Despite rising global crude prices and requests from some nations for a lower price ceiling to limit Moscow’s income, the Group of Seven (G7) coalition will maintain a $60 per barrel price limitation on seaborne Russian oil, a coalition official said.
After reviewing the $60 price, which was set in December to try to limit Moscow’s ability to finance its war in Ukraine, the G7 and Australia decided to retain the restriction during the previous few weeks, the official said on condition of anonymity.
It follows four weeks of increases in benchmark oil prices, which were boosted by OPEC+—a grouping of the Organization of the Petroleum Exporting Countries and its allies, led by Russia—announced output cuts as well as a rebound in Chinese consumption.
On Monday, the market was stable, with both Brent and U.S. crude futures maintaining a price of well than $80 per barrel.
According to the official, Russian crude has been trading at about a $30 discount to Brent.
Officials from the coalition came to the conclusion that the price cap was successful in limiting Russian revenue while preserving the stability of the energy market, but they emphasized that they would keep working together to ensure efficient monitoring and enforcement.
The coalition will step up its efforts to resist Russian sanctions and the price cap evasion, particularly the use of dishonest methods to gain access to insurance and other coalition services for oil traded above the price cap.
According to the source, coalition members intend to offer guidelines to service providers to help them see red flags for evasion, such as manipulating ships’ location tracking or failing to independently itemize shipping, freight, customs, and insurance charges from the oil itself.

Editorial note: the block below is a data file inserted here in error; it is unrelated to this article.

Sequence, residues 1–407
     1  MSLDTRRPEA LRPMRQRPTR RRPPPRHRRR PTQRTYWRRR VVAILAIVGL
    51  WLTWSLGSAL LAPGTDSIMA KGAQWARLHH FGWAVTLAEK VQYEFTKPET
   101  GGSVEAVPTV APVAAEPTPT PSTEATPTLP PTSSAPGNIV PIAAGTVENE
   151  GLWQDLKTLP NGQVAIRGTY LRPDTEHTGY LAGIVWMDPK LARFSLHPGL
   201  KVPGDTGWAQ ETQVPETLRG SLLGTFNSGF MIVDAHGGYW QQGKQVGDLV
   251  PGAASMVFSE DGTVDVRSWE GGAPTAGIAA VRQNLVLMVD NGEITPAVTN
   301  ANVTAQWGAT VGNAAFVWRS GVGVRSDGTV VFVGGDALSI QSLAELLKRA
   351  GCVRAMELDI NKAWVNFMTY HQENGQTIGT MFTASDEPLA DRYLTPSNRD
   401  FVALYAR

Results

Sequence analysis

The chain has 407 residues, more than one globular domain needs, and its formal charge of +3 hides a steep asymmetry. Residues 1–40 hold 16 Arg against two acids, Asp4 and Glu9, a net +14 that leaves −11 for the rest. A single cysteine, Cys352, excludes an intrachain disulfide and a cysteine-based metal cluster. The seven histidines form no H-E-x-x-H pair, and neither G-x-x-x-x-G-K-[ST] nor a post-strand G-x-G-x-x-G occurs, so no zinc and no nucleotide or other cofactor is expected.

The Eastern Siberia Pacific Ocean (ESPO) pipeline and ports in eastern Russia may be used to circumvent the price cap on oil exports, the U.S. Treasury warned American businesses later on Monday.
It advised traders to keep records proving they purchased Russian oil and oil-related items at or below the threshold.
If Russian oil and oil products are sold above the cap, G7 and European Union corporations are prohibited from providing transportation, insurance, and financing services for them.
Additionally limiting Russian oil imports are the United States and the United Kingdom.
The official pointed out that a recent International Energy Administration (IEA) report found that the G7 sanctions regime had been successful “in not restricting global crude and product supplies, while simultaneously curtailing Russia’s ability to generate export revenue.”
Russian oil revenue for March increased by $1 billion month over month to $12.7 billion, according to the IEA on Friday, although it was still 43% lower than a year ago.
According to the G7 official, Russian oil shipments have consistently averaged over 3 million barrels per day, and markets throughout the world have remained stable.
(Adapted from Reuters.com)
Categories: Economy & Finance, Geopolitics, Regulations & Legal, Strategy, Sustainability
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